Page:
August 1, 2023, 5:58 PM · Ella, very good question. I would say it varies by age. If you are in college, I would probably jump right in to the big stuff. My daughter has the benefit of starting viola at age 12 (and switching fully by 13) so she has time to work through more of the repertoire, of which there is, of course, comparatively less. We also used the easier repertoire as a way to continue some remediation in her left hand position.

She didn't go back and do everything. She did some of Telemann, most of JC Bach/Casadesus, then jumped ahead to Weber because she needed something bigger for her precollege audition (she did the virtuosic version with the crazy hard last page and the added double stops). Then on to Arpeggione. With Bach, she just started with the first suite because you have to learn all of them no matter what!

August 1, 2023, 6:40 PM · Thanks for the answer. Yeah, I agree it depends on ability and age. I was mainly thinking of those who decide to switch focus later in high school, as I suspect that is quite common, or students who play both for several years before picking viola as their main focus (which could very well have been me, but I ended up pursuing a non music post high school trajectory so I can do whatever I want, which is playing both as much as I can).
August 1, 2023, 7:05 PM · I wonder if anyone (viola) in the Chicago Lyric Opera orchestra teaches?


Edited: August 1, 2023, 7:24 PM · On the subject of repertoire remediation: the Bach suites are necessary, and it's also important to learn either the Hoffmeister or Stamitz concerto because they fill the same role in viola auditions that Mozart does in violin auditions.

I'm actually in the midst of some repertoire remediation myself, because I started taking regular lessons for the first time in 2021 after more-or-less teaching myself all the way from zero to Walton prior to that, with only a handful of lessons focused on bowing technique in 2016. I had skipped the Classical concerto repertoire entirely in the late 2000s because I was not comfortable with the style and especially with the demand for quick and even string crossing at the time. I also had a poor physical setup back then, which didn't help; everything is easier with my current chin rest and shoulder rest combo. In any case, once I started taking lessons, I revisited and polished the second Bach suite, and I am currently working on the Hoffmeister concerto (alongside other repertoire).

August 1, 2023, 8:47 PM · Yes, Hoffmeister, like Mozart, is a different animal to try to play elegantly with the appropriately style. And, to be honest, very few violists get even close. My daughter played Mozart 3 on violin (as well as Haydn and Viotti 23) so she has some decent skills in this area -- but still needs more nuance.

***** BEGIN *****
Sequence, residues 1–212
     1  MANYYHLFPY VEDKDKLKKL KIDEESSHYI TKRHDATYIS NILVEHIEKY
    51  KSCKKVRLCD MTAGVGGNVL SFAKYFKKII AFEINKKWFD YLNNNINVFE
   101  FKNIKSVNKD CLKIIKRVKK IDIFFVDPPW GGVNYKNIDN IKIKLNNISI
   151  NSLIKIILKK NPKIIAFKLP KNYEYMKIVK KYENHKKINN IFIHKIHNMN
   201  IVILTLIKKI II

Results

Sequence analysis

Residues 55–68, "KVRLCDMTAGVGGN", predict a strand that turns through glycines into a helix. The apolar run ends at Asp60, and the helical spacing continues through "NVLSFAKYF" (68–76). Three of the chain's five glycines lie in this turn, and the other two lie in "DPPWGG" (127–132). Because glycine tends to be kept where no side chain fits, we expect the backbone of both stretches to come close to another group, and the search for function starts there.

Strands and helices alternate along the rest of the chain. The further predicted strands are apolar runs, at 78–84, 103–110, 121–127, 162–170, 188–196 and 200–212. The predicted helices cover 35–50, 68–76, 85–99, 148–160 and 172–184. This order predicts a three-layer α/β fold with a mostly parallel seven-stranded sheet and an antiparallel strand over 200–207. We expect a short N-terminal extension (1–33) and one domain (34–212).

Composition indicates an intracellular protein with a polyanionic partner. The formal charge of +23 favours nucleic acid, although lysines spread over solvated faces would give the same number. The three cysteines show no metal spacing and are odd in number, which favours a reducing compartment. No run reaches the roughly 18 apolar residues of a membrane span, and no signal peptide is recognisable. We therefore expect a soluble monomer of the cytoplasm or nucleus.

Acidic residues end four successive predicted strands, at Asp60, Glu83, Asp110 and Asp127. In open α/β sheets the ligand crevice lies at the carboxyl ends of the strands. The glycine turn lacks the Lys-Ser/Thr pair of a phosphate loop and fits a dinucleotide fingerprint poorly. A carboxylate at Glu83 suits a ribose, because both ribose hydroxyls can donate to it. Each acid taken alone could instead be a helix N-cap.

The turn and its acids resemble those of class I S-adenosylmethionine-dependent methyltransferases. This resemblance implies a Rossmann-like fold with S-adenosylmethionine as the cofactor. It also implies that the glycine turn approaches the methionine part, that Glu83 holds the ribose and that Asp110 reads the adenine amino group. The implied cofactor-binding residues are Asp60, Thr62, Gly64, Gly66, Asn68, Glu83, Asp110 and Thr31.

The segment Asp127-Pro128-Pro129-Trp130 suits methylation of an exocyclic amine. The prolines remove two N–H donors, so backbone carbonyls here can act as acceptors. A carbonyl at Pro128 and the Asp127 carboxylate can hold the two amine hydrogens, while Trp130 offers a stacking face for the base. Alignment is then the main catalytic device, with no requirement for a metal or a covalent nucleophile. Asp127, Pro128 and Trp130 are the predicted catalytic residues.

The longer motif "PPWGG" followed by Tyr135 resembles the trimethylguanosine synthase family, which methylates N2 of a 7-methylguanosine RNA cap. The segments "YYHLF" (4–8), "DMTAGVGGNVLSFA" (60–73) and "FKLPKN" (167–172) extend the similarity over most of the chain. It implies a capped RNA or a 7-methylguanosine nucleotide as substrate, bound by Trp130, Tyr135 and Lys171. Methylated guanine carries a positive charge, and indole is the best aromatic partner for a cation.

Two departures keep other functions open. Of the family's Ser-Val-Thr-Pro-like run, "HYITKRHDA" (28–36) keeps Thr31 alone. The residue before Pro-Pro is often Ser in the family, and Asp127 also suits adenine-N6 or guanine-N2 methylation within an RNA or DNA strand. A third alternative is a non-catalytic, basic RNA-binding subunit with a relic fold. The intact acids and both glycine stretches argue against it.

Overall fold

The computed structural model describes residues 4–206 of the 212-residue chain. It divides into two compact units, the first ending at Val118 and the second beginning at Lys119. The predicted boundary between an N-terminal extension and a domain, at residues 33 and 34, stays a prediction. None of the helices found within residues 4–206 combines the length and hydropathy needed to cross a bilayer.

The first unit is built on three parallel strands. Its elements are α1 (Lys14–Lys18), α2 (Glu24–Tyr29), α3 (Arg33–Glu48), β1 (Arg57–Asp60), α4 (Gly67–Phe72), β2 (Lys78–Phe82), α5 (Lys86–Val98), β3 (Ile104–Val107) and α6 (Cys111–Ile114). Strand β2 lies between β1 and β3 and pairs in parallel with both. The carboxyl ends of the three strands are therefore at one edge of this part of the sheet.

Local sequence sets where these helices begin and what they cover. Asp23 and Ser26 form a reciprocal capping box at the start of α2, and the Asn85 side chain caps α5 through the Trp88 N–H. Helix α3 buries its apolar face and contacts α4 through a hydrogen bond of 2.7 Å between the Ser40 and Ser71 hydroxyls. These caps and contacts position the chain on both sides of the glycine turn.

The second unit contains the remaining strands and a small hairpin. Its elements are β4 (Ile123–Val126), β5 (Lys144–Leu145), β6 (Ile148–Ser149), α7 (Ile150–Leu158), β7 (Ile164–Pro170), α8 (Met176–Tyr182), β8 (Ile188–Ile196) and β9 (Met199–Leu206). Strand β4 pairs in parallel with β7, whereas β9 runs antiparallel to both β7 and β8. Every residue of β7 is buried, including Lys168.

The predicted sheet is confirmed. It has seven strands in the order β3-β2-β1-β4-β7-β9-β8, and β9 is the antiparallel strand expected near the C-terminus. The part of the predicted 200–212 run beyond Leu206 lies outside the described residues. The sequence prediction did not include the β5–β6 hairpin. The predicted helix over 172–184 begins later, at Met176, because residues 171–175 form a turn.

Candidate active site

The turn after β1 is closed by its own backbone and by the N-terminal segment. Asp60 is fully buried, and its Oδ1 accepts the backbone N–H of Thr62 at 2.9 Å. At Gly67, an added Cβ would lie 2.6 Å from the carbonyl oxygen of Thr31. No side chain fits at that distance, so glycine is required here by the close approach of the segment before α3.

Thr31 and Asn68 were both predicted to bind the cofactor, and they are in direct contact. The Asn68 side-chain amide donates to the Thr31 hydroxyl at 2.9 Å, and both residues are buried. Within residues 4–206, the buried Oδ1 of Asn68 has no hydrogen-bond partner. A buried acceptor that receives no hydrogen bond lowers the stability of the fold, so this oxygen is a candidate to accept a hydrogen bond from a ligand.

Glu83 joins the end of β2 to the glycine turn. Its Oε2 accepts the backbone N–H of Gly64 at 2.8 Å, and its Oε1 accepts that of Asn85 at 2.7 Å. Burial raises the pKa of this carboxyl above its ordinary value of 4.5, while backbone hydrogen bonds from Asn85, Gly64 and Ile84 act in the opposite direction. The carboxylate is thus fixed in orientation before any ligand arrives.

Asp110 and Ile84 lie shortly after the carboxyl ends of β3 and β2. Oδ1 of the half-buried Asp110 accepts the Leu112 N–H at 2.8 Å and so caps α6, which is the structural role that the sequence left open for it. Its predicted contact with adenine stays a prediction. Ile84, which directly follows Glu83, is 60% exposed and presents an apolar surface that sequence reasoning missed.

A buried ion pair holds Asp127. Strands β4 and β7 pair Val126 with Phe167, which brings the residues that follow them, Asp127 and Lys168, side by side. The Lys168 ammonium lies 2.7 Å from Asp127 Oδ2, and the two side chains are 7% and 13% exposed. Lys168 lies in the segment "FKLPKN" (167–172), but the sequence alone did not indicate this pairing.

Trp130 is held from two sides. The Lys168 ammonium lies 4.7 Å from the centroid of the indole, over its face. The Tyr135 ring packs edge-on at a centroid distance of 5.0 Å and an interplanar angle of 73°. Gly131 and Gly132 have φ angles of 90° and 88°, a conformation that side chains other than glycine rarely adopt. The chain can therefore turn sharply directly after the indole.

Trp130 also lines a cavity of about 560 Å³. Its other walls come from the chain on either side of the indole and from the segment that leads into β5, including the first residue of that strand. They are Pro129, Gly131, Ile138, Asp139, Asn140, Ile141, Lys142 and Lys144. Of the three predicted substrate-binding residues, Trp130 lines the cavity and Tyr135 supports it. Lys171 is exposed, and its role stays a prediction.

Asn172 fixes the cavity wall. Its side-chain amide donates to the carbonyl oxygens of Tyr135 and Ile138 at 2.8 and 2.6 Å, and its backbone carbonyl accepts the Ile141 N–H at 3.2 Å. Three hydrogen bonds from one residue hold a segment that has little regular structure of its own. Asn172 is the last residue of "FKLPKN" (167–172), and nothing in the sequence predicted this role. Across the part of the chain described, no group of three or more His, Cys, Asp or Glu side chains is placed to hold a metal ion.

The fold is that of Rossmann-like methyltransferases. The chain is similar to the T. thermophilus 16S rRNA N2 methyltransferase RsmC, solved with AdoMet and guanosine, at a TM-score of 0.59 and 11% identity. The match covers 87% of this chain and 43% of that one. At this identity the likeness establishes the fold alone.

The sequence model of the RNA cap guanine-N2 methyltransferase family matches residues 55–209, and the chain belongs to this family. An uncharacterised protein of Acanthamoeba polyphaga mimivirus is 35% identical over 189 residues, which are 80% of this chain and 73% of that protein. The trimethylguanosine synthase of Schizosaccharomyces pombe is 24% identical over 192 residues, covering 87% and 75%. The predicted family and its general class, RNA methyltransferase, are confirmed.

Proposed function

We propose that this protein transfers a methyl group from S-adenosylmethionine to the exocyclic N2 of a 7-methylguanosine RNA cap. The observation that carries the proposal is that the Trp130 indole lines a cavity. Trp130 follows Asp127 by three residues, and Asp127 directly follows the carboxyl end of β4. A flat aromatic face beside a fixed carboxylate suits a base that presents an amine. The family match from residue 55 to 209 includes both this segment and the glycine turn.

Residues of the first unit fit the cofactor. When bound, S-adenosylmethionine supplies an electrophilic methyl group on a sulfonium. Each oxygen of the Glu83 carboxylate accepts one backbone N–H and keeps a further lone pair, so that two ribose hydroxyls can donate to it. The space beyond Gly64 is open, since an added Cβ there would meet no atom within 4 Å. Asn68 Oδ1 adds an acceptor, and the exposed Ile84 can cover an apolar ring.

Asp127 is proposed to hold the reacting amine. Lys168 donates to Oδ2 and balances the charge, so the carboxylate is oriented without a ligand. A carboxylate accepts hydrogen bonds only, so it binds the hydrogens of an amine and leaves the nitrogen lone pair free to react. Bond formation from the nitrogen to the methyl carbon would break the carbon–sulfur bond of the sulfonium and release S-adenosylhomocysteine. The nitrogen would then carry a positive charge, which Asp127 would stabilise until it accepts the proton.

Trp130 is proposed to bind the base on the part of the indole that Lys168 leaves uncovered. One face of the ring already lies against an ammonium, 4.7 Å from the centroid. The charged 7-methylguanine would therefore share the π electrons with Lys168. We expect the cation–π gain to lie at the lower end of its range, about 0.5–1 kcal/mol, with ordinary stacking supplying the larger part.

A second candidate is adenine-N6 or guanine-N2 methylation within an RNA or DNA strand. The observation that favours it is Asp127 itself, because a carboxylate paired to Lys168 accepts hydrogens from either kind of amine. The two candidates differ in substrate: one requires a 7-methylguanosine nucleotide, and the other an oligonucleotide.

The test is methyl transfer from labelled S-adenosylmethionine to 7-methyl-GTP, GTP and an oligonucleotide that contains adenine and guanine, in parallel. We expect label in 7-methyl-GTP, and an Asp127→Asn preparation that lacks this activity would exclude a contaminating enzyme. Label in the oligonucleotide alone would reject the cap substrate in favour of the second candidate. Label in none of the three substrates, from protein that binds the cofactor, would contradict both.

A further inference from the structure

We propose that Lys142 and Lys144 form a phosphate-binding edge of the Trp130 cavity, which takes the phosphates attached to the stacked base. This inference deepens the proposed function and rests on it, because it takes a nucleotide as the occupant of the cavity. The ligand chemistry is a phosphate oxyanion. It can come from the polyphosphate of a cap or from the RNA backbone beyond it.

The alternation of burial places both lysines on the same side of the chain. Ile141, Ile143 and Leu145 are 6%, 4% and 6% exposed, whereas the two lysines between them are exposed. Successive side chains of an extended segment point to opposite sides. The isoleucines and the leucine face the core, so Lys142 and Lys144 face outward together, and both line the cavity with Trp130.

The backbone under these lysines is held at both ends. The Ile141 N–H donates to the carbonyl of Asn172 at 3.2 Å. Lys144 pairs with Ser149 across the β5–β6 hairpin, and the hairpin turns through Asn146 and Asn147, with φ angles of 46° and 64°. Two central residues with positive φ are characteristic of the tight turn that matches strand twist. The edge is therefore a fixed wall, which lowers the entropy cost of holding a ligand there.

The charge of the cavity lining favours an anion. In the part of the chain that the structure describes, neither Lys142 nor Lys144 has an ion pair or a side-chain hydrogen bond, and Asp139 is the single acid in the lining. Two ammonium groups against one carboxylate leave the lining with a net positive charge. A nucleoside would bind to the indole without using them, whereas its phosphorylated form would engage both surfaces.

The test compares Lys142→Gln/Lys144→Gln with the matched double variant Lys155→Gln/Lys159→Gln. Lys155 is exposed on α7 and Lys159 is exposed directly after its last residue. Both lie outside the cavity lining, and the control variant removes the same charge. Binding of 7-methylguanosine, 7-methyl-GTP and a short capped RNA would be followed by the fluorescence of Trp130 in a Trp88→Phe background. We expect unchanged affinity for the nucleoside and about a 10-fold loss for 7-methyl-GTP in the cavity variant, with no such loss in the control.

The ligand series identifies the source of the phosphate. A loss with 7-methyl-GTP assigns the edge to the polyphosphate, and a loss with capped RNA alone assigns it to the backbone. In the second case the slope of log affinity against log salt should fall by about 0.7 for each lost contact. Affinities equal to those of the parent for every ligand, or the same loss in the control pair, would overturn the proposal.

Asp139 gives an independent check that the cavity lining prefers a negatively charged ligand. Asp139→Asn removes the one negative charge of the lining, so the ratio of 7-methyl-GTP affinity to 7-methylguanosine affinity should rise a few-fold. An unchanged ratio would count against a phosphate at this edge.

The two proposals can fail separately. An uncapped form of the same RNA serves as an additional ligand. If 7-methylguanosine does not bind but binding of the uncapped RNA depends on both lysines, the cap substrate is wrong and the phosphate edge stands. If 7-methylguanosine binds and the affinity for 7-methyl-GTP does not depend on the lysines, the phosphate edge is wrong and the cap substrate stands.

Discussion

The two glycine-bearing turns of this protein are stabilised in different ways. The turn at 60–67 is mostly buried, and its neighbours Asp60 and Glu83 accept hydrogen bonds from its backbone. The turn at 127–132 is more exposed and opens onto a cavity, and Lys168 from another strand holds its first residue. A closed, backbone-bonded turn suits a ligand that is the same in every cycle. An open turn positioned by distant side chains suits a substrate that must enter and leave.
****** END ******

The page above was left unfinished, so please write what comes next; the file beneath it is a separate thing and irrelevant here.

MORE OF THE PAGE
Mary Ellen, to my knowledge only one of the Lyric Opera orchestra violists teaches and she is pretty early career. We are really comfortable with my daughter's current teacher, and we do have the ability to consult with Mr. Vamos as well, as much as he is able. (His memory for listening and music is just fine.) We also have the benefit of getting advice from a couple Curtis violists my son knows well, so I think we will be OK on that front. Being the overly involved parent (LOL), I just want to make sure we are not inadvertently missing something.

Christian, thanks for the additional info on sonatas. Of course she wants to play Clarke and Vieuxtemps RIGHT NOW (and Hindemith op. 11 no. 4)! I actually tried to order her the Capriccio on her request and have found it a little tricky to find. There were a couple pieces on her list I didn't find straightaway, so I will have to do some sleuthing.

Edited: August 2, 2023, 12:59 AM · Do try to get some coaching with an experienced viola specialist , even occasionally. When my daughter switched to viola at a similar age - at a similar if slightly lower standard - the thing that took longest was viola sound production. It’s such a different beast to violin, and it will be a lifetime’s work in progress.

Many violinists - myself included - know where to start, but you really need a specialist to ignite her interest in the possibilities and techniques to really bring colour to all those lovely heavy strings.

Has she played Kol Nidrei ? My daughter loved this. Lots of opportunities for exploring sound colours, and plenty of scope for imagination.

August 2, 2023, 4:41 PM · For the Vieuxtemps Capriccio:

August 3, 2023, 7:22 AM · Thank you!
August 4, 2023, 4:48 AM · You can read the Primrose at